In Ken’s column he said, “I have a simpler solution - if you don't like the ethnicity in our local community, consider relocating.”
Let us take a close and honest look at what he is saying here. He said “IF” you don’t like the ethnicity in the community, “CONSIDER” relocating. The “IF” is in relation to “IF” this woman can not for whatever reason accept another culture, be satisfied with our ever growing community of Sikh people and other cultures who may wear a head covering or turban, get past her issues regarding this culture and their practices and be content and happy to live in a community with many people who wear turbans......IF she can’t get past her personal issues and possible prejudices and live happily, it MIGHT be better for her to consider relocating to another town where she feels happier.

The same suggestion can be used if you don’t like the rain in Vancouver and can’t live happily amongst all the rainfall then possibly moving to a drier town or province would be a better solution.
If one can’t get past their barriers, there is nothing wrong, hurtful, disturbing or unfair in suggesting that the person relocate to a place that would make them feel happier and more a part of their community.

Telling someone to go back to “their” country is WAY different than what has been “suggested” above by Ken. Telling someone to go back to “their” country is used when one culture, colour or race does not accept another that is different from their own moving into their country or community....it is WAY different from what Ken was suggesting. If one CAN’T get past their barriers, live happily amongst other cultures/races then possible relocation is not a hurtful suggestion.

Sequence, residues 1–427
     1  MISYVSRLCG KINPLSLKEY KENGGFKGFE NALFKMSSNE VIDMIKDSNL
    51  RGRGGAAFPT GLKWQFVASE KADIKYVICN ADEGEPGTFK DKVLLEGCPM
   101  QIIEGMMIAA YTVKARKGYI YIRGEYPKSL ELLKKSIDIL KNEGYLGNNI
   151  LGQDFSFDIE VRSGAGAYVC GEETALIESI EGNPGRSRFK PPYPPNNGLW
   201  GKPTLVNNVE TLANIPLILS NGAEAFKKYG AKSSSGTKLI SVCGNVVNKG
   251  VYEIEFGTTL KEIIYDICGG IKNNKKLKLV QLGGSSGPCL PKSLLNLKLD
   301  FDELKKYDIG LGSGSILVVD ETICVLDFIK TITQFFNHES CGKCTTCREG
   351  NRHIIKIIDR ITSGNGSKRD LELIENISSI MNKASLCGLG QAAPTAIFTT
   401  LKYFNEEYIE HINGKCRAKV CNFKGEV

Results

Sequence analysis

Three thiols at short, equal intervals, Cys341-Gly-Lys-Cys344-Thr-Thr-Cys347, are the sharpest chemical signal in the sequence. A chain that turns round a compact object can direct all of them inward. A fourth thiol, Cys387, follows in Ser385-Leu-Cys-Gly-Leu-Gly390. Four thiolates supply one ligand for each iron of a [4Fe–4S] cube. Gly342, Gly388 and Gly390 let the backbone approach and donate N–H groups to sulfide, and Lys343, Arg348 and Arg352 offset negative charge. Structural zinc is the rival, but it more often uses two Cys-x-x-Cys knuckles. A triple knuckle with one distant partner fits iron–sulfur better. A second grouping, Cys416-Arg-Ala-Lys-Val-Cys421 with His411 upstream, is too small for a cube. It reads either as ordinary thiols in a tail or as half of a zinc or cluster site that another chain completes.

Ken has met MANY caucasian people that have told him personally that they moved out of Abbotsford BECAUSE of the East Indian population. I have to say, to me this is a double edged sword.....on one hand, good for them for being honest but on the other hand it makes me angry and I find it to be a terrible shame. I personally grew up with many East Indian people who treated my family as their own family....loved us unconditionally and showed great care and compassion. Ken has also met a number of East Indian people that have also relocated because they didn’t like the East Indian (their own culture) amongst them and didn’t want their children going to the same school. I had never heard this before talking with him. Truly Ken has heard it all throughout the years.

Instead of jumping to conclusion and assuming what Ken “meant” - each of you should have taken the time to personally contact Ken and ask for clarification. Everything that I wrote above is because I personally spoke with Ken myself and he explained everything that happened during this encounter. This (approaching your fellow brother, neighbour, friend) is what builds community and relationships....making assumptions and blanket accusations does not move us forward or closer to one another.

Tuesday, August 23, 2011

Letter writer, Regina Dalton is totally incorrect. Get the facts right, please.

Turban talk sets her head spinning

Editor, the Times:

If Ken Herar is trying to build bridges, his column 'Keep turban queries respectful' (Times, Aug. 18) doesn't do such a good job.

I don't dispute that folks can have their own agendas - it is possible to discern when someone is trying to make a dig with a supposedly simple question. Yet going from someone asking a question, to assuming that the question is loaded, to stating, "People can often see the hate," to adding "if you don't like the ethnicity in our local community, consider relocating," left my head spinning.